Malcolm McLaren once tipped me off to a useful piece of advice for when visiting a new city for the first time. This wasn’t any great insight or revelation that McLaren felt compelled to share with me personally: it was the fortunate outcome a television programme that he was presenting.
In this show, the entertainment Svengali brought to life the characters of London’s historic underbelly by pointing out evidence of their homes and business premises visible above the familiar twentieth century storefronts.
Football pundits have been quick to sound the death knell over Serbian football since the country’s two top teams crashed out of the UEFA Champions League in less than spectacular fashion. It did not help when Serbia’s national coach made some bizarre comments about his favoured results in the forthcoming Euro 2012 qualifiers. The comments of Vladimir Petrović appear to aim below target for the national team and deserve questioning, even given the injury-struck squad.
But, while the disappointment for Partizan and Red Star Belgrade fans is palpable, the significance should not be overplayed. Rather than bad-mouthing individuals or clubs, now is the time to address the cause of this glitch and put in place the necessary elements to prevent it recurring. Serbian football must prove that there is life in the old dog yet.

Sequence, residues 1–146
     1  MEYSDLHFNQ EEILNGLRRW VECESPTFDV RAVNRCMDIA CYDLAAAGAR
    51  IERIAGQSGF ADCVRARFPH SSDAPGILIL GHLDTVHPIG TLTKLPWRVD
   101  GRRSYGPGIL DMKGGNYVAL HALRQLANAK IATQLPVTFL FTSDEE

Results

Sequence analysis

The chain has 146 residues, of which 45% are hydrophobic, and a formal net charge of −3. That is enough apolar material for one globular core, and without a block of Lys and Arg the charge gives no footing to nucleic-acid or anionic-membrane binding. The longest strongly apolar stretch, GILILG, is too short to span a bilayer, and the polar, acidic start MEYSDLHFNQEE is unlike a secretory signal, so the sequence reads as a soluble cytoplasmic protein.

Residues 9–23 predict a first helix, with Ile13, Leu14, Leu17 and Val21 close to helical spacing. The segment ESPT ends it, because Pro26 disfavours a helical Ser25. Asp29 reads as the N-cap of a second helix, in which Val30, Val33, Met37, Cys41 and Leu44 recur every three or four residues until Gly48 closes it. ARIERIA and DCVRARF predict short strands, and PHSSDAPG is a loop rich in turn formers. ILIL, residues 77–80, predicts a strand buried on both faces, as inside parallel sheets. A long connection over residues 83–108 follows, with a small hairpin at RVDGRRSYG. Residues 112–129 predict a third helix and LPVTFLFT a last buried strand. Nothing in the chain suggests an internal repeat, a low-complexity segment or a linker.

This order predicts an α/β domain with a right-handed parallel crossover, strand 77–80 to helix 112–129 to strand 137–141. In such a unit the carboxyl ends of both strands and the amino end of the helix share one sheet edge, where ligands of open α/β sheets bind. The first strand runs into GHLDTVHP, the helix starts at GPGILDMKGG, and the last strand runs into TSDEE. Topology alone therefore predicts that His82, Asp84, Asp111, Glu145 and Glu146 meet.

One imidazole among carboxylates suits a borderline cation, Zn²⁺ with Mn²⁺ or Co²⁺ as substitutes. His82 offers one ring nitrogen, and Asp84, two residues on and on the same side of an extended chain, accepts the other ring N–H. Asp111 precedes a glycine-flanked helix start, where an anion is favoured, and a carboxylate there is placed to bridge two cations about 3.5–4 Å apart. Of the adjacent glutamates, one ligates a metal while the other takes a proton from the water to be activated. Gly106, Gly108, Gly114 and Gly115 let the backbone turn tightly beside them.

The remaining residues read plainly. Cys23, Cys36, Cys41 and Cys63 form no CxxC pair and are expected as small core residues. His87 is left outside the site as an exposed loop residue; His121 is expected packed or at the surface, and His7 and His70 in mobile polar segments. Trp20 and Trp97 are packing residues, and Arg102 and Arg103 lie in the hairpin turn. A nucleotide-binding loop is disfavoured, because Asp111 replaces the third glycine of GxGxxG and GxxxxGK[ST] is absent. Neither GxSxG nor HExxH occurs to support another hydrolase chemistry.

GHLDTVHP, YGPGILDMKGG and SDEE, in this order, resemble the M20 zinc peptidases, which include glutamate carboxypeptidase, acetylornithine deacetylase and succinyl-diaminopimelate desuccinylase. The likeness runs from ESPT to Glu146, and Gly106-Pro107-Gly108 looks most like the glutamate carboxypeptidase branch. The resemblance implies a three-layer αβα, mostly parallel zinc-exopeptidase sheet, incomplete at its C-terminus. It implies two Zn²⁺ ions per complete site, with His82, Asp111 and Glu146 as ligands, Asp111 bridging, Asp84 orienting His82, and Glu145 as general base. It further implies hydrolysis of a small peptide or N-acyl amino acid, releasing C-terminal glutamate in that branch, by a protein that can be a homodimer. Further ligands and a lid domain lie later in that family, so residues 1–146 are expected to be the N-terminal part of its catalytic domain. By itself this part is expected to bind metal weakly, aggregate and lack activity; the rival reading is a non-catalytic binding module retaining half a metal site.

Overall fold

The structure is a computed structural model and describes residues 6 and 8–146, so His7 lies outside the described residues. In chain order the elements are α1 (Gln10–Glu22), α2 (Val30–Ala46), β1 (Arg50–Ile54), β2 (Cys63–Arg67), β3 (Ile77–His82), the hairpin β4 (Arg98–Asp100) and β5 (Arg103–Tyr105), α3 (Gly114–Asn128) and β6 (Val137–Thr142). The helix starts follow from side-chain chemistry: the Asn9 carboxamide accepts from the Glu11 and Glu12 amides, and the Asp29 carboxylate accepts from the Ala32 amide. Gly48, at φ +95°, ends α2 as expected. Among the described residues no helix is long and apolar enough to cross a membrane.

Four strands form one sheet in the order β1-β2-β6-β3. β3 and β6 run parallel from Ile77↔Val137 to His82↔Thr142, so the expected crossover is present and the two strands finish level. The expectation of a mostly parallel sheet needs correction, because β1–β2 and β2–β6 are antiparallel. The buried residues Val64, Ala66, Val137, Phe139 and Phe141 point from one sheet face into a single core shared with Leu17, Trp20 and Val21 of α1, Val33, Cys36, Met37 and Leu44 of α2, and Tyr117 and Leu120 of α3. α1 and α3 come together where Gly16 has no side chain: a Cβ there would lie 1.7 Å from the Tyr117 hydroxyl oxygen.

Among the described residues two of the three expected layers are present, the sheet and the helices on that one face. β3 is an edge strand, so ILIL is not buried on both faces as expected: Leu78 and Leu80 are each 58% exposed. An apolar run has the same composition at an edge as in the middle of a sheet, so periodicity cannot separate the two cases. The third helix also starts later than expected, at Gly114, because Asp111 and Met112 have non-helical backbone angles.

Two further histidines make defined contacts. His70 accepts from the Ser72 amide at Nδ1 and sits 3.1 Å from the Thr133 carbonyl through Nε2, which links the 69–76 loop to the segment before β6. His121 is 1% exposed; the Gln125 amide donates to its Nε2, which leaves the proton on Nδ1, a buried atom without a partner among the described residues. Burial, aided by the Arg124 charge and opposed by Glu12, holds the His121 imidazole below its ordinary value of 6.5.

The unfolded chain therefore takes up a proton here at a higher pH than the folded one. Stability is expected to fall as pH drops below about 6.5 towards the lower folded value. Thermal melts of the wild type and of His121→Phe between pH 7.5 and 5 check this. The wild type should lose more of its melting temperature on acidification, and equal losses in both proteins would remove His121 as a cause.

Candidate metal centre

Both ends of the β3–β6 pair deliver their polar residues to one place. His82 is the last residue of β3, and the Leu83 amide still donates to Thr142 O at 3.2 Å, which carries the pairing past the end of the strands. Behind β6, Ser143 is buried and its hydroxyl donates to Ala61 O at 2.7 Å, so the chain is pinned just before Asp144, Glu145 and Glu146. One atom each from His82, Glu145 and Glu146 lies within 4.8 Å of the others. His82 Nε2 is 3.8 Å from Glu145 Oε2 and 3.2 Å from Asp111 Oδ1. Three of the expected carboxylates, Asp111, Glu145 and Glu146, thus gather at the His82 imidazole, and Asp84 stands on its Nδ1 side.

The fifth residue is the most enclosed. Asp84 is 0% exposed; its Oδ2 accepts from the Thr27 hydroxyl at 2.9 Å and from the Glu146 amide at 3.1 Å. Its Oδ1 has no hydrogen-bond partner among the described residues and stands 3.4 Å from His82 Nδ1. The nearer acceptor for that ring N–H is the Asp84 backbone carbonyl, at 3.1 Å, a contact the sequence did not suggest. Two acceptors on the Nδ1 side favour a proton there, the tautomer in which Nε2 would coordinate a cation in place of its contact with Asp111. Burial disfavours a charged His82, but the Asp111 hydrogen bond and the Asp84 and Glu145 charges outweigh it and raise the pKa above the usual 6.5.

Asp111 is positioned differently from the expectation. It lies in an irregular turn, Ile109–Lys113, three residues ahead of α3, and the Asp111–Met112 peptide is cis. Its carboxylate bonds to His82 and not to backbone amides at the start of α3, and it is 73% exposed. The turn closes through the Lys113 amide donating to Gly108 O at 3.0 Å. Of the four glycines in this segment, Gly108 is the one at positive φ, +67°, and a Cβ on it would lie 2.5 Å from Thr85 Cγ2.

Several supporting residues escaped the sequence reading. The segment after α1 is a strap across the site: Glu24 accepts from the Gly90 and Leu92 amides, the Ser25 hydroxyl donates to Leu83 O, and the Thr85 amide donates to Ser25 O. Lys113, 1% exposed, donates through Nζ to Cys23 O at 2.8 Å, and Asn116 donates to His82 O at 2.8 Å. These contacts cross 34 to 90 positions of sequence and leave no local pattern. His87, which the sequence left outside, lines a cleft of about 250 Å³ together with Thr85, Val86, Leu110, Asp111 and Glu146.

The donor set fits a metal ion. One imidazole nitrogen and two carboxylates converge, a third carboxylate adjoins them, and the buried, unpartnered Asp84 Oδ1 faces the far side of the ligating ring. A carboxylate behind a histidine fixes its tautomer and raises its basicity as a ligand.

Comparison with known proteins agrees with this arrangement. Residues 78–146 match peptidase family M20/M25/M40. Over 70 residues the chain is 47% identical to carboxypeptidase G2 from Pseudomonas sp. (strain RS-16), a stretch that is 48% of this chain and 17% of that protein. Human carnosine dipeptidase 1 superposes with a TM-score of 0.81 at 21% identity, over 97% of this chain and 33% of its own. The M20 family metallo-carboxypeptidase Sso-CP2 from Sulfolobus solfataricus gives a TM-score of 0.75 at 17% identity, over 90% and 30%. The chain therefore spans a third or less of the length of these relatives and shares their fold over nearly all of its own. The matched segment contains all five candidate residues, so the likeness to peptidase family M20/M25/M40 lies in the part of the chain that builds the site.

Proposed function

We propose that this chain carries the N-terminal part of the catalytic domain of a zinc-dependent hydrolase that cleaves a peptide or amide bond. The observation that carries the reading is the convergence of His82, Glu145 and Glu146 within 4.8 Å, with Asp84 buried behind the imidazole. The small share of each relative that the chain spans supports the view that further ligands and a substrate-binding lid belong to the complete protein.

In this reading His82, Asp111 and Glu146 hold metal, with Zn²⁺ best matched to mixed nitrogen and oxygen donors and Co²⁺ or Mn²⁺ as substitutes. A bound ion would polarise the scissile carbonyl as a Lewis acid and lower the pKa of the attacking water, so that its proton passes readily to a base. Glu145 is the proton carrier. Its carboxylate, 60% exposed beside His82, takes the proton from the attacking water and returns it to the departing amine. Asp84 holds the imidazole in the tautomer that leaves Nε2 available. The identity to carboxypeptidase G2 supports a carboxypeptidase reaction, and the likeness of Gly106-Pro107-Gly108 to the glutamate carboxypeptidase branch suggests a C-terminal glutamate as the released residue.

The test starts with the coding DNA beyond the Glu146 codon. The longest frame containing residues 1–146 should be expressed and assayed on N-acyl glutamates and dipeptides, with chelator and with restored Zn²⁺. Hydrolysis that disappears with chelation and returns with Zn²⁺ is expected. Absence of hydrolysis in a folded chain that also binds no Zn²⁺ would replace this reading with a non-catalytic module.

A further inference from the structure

Belgrade has exposed its funny side with a humorous new advertising campaign that encourages people to keep their city clean. Dog owners are the targets of this canny campaign to encourage greater consideration for a cleaner city.
As was clearly the aim, the posters from international communications powerhouse McCann Erickson Belgrade have attracted attention at home and abroad, presenting a side of Serbia that is too rarely seen: its humour.
Serbia’s Olympic Sports Director has hit out at a system that allows athletes to lose sight of their priorities and for Serbia to under-perform in competition. “We spoil our athletes because we build some kind of mystery around them, about their behaviour and their needs,’ Serbia’s Olympic sports chief Branislav Jevtić told W!LD RooSTeR during a visit to London.
“Companies invest in them and the athletes are spoiled in some way. They become celebrities, they stop their training and development and, as a result, we have less qualified athletes than we expected. When a lot of our athletes play abroad, no one thinks about their health, their anti-doping or operations. They play only for money. They have a fascination for money and they are spoiled. That is a big problem for us and I don’t know how to solve it.”